Mark your calendars to attend the annual Roots in the Cave seminar at Mammoth Cave National Park, where this year's program looks at turn-of-the-20th-century cave explorer Edmund Turner.
The program, set for November 12-13, will focus on the exploits of Mr. Turner, who is credited with the discovery of Great Onyx Cave, only to die penniless and was buried in a pauper’s grave at the Mammoth Cave Baptist Cemetery on Flint Ridge. Roots in the Cave is sponsored by the Mammoth Cave Hotel and Mammoth Cave National Park.
“Roots in the Cave is an annual fall event that explores the family histories and lore of those people who once lived on what is now parkland,” said Superintendent Patrick Reed. “Mammoth Cave became a national park in 1941, but before that time this land held 600 farms and 30 communities. Roots in the Cave pulls descendents together to share stories and research.”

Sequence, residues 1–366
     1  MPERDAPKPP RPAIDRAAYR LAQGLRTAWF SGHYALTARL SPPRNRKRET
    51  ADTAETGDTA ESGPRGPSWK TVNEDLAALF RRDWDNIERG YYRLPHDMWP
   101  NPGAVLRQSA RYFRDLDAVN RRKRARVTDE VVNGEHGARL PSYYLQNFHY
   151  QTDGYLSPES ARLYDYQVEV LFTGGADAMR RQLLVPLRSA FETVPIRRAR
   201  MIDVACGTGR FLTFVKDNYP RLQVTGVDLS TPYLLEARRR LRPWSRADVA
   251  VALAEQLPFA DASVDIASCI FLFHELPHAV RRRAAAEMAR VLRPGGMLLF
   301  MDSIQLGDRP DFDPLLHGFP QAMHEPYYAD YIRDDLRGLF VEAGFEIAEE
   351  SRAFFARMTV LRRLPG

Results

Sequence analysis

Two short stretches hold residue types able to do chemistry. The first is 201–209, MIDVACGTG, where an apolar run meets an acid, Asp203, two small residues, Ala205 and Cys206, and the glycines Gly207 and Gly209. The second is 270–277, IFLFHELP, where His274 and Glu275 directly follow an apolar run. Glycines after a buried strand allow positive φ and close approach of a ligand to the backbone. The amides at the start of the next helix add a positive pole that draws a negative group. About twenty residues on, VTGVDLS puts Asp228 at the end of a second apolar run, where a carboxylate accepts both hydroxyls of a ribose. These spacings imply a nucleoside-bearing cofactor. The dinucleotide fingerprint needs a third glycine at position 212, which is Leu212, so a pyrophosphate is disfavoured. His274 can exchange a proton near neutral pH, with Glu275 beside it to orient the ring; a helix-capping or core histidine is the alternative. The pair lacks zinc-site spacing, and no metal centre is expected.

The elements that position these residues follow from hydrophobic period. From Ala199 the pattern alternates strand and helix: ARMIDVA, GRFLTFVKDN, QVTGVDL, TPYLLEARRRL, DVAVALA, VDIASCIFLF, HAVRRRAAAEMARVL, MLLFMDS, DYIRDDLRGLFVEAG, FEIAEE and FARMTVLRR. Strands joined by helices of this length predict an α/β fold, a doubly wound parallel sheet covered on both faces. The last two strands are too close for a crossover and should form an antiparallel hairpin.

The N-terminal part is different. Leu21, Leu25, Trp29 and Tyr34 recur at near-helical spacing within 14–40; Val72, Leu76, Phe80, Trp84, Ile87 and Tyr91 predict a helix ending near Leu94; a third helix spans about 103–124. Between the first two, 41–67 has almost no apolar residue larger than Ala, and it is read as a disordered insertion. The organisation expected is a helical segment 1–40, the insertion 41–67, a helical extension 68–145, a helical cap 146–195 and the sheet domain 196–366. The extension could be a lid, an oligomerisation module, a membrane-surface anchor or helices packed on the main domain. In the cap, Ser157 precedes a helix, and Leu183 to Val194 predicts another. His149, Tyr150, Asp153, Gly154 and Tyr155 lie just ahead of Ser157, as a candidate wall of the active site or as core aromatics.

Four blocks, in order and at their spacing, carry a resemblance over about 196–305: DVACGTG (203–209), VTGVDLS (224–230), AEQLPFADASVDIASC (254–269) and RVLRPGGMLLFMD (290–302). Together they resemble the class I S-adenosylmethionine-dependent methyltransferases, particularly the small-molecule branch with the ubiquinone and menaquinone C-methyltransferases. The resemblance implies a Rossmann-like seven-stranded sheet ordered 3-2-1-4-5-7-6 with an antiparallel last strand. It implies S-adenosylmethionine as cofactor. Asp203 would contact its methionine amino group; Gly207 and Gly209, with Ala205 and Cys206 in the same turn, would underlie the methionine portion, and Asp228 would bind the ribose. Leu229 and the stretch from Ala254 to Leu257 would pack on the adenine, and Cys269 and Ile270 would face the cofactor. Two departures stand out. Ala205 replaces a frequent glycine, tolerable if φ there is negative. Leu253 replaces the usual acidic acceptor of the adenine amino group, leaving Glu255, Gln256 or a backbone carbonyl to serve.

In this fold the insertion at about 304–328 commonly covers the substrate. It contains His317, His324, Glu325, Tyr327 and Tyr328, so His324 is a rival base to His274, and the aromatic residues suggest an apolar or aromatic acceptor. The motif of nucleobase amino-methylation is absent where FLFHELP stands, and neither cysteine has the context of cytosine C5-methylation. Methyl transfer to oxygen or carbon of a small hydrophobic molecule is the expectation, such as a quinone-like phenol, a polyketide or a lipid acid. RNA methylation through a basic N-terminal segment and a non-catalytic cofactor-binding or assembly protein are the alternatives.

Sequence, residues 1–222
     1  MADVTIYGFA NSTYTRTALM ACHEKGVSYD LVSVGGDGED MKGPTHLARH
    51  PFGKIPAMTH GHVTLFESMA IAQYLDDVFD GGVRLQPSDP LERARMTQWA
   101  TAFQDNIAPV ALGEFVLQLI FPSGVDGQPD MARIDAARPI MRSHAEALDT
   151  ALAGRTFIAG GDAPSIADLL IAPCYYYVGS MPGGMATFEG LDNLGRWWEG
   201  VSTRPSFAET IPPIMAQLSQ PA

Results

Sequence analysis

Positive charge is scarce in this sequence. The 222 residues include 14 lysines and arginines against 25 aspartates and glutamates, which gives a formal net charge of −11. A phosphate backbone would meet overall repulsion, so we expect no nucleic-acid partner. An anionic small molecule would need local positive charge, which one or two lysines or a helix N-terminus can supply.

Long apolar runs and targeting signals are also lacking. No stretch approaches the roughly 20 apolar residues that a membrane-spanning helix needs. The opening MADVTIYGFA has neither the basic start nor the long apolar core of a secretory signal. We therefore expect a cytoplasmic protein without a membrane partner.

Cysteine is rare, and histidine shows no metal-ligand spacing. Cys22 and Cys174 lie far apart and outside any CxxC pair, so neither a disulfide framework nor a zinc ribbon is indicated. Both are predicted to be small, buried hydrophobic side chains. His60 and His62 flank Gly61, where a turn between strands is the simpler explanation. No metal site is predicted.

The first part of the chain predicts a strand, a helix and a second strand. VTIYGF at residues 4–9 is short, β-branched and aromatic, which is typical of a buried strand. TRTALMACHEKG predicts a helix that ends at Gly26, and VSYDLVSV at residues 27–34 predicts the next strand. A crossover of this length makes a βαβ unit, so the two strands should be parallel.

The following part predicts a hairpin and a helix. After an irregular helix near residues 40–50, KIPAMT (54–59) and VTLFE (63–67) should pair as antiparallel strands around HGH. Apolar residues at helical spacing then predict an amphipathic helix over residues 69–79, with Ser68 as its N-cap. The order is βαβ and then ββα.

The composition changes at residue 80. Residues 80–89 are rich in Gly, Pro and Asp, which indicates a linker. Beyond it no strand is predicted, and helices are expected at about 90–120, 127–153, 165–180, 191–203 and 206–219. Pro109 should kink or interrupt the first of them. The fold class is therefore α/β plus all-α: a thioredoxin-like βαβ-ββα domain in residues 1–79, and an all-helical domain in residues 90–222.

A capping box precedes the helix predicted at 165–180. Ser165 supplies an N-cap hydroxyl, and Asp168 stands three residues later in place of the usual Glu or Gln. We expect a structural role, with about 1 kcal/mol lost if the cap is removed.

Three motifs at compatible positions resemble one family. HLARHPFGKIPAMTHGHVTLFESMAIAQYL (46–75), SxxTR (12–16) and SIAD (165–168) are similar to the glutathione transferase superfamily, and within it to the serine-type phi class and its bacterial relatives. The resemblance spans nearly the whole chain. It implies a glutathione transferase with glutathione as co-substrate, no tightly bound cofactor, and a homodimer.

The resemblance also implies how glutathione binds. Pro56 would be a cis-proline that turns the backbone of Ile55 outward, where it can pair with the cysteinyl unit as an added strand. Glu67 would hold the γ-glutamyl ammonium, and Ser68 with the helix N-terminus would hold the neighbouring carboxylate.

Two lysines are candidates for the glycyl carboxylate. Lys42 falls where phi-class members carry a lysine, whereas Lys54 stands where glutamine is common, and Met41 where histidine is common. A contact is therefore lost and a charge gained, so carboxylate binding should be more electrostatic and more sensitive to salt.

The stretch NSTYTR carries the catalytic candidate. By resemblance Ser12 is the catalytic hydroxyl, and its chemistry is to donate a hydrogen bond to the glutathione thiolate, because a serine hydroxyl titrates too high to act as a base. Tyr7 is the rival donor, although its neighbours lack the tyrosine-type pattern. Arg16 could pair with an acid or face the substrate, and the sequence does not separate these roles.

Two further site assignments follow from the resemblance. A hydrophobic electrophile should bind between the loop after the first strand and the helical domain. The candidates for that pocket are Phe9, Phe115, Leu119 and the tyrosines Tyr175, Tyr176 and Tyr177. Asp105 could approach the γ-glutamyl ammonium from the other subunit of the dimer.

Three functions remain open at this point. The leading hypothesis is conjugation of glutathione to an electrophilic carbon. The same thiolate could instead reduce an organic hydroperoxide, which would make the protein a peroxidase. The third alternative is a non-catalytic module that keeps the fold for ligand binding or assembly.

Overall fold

Greg Davis, the hotel manager, said one of the highlights of this year's program will be to "place a headstone on Edmund Turner’s long neglected grave."
“Other events and discussions will bring to light pieces of Turner’s life story, such as he explored Salts Cave accompanied by young Floyd Collins. Turner was an expert caver who has received little recognition," said Mr. Davis.
To register for Roots in the Cave activities contact the Mammoth Cave Hotel at 270-758-2225. Registration is $20 per person; all proceeds will be applied to the cost of Turner’s headstone.
Activities for registered participants include: A panel discussion on Edmund Turner by Roger Brucker and Norman Warnell; a guided walk to Stephen Bishop’s homeplace; unveiling of the Turner headstone; and a tour of Great Onyx Cave (limited to 40 people). A genealogy display in the Rotunda Room on November 12-13 will be open to the public.
For hotel reservations call 270- 758-2225; rooms are $49.00 single or double.